Lotus Unveils a €25,000 Electric Bike Inspired by Race Cars

lotus bicycle

While the Lotus brand is well-known for its sports and racing cars, it is less recognized as a bicycle manufacturer. Nevertheless, they have now revealed the Lotus Type 136, a high-performance electric bike with a hefty price tag. Lotus is not entirely new to the bicycle scene. In the early 1990s, the company’s engineering team collaborated with British bike designer Mike Burrows to create the Type 108, a futuristic-looking racing bike with a monocoque carbon and Kevlar frame.

The team behind it focused on aerodynamics and wind tunnel testing, much like they do with their car models. With its unique design, the Type 108 helped the UK secure the top spot in the 1992 Olympic Games. Lotus repeated this endeavor in the mid-1990s with the Type 110, also sleek and constructed from carbon. Of course, both of these models were reserved for high-level competition and had very limited production.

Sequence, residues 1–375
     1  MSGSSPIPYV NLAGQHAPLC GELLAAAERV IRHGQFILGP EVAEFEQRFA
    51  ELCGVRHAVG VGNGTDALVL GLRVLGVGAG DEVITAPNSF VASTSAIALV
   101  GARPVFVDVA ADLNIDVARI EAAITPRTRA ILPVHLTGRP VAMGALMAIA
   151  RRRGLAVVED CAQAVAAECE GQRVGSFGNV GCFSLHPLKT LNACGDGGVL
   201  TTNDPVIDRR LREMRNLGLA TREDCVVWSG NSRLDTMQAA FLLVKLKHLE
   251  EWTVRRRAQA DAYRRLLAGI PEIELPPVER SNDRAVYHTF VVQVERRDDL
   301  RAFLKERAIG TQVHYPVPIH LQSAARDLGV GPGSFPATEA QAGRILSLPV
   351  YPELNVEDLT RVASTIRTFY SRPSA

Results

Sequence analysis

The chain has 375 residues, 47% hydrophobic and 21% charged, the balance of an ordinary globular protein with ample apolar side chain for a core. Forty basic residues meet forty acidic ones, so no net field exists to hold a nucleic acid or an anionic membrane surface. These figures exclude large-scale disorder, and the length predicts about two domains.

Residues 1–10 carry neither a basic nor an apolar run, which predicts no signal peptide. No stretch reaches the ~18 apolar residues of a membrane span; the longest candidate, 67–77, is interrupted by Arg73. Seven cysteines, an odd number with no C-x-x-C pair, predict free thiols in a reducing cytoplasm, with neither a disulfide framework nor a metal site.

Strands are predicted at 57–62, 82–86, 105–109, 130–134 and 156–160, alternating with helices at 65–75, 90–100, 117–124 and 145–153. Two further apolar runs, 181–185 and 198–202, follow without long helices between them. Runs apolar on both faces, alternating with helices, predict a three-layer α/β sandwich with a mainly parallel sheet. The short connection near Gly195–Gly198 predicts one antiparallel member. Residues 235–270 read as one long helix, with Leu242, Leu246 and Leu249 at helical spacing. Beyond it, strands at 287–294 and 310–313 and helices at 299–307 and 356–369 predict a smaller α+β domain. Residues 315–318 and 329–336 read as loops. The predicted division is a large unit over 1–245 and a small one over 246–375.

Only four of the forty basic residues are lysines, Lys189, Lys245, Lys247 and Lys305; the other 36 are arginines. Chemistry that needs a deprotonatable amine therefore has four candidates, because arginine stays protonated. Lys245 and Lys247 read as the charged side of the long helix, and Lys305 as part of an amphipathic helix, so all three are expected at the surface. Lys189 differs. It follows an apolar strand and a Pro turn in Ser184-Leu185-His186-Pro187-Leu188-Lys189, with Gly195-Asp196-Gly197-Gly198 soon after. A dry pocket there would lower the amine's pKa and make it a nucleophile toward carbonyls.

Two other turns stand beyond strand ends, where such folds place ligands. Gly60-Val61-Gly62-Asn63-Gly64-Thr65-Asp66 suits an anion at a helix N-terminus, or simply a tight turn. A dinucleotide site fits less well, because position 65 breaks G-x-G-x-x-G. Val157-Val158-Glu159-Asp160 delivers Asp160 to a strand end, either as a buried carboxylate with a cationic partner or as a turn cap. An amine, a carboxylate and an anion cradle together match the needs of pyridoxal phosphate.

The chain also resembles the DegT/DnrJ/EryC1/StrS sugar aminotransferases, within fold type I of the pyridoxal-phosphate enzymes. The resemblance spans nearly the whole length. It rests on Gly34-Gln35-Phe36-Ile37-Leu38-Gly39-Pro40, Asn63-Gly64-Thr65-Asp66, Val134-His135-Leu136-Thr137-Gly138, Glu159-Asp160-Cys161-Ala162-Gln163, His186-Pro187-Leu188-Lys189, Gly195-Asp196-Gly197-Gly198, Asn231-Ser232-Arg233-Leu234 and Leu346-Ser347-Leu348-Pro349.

The Battery Hides Inside a Water Bottle

With the Type 136, Lotus revisits its legacy as a creator of exceptional bikes, but this time, they have incorporated electric assistance. Once again, the design is influenced by the brand’s expertise in aerodynamic profiles for their race cars. The motor it houses is the HPS Watt Assist Pro, weighing a mere 300 grams. At first glance, it’s impossible to tell that the bike is electric, as the manufacturer has discreetly integrated the motor into the crankset. Made of carbon fiber, it is a lightweight at 9.8 kilograms despite its electric assistance and battery.

The battery itself is quite unique, resembling a water bottle attached to the frame. It can deliver 193 Wh and up to three hours of pedal assistance. However, unlike other electric bikes, the Type 136 remains entirely usable without assistance due to its weight. Lotus is not entering mass production, and this Formula 1 of electric bikes will initially be produced in a limited run of 136 units at a price of €25,000. Beyond this limited production, subsequent units will be available next year for around €18,000.